The spatial and temporal variation in litter disturbance by a medium-sized bird, the chowchilla (Orthonyx spaldingii Ramsay, Orthonychidae) was documented, and its potential impacts on tree seed germination and early seedling survival in an Australian tropical rain forest experimentally investigated. Chowchilla disturbances occurred on ridges, slopes and drainages in all four seasons surveyed. In some areas litter was completely turned over as frequently as every 5 wk. Tethered seeds exposed to disturbance were moved farther and experienced significantly greater variation in litter cover than those protected from disturbance. When seeds of two canopy trees were placed in litter environments simulating those created by chowchillas, the seeds of one species showed significant effects of litter treatment on germination while those of the other showed no significant effects. Seedling cohorts of four tree species were followed for 6 wk soon after germination and all showed higher survival in vertebrate exclosures. The two most abundant species suffered 68% and 35% mortality in six wks, with the majority of that unambiguously due to chowchillas. It is argued that litter-disturbing birds increase litter heterogeneity and significantly impact early seedling mortality. These effects could be important in maintaining evenness and diversity of the seedling community.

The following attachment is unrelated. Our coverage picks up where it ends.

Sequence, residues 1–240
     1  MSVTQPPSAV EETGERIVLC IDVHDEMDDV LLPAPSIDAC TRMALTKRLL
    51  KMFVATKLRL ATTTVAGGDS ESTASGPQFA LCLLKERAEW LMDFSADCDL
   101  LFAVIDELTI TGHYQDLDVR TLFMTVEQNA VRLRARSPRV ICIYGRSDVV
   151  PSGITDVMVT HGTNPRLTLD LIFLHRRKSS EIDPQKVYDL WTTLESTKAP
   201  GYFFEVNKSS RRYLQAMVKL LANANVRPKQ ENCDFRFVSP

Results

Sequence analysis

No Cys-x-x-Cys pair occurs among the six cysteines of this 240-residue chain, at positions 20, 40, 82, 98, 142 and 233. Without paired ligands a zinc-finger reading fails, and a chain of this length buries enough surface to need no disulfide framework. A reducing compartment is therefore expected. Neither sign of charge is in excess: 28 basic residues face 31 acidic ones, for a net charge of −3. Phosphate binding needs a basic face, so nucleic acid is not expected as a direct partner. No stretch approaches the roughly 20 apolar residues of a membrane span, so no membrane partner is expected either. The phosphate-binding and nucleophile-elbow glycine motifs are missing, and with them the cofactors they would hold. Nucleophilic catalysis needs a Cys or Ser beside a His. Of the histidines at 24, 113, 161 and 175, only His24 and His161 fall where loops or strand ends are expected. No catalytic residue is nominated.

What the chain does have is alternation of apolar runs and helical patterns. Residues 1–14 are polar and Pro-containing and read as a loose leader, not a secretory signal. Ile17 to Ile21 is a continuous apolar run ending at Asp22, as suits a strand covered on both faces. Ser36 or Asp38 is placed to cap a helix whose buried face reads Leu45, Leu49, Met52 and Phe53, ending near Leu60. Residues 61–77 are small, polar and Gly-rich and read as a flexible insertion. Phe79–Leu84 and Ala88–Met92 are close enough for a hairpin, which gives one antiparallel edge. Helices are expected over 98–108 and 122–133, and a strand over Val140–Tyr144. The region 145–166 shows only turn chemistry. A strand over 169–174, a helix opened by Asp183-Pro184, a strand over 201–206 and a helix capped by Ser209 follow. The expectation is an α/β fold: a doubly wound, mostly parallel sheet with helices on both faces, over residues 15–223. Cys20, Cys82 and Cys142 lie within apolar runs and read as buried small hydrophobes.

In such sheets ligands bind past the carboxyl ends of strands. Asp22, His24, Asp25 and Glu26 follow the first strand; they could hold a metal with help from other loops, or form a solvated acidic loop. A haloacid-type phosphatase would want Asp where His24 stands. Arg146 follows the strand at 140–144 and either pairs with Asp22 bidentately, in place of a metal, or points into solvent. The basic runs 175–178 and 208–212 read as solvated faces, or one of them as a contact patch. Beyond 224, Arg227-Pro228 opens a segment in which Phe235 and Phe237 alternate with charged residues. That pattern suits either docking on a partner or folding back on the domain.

- Leaf litter
- Rain forest
ASJC Scopus subject areas
- Ecology, Evolution, Behavior and Systematics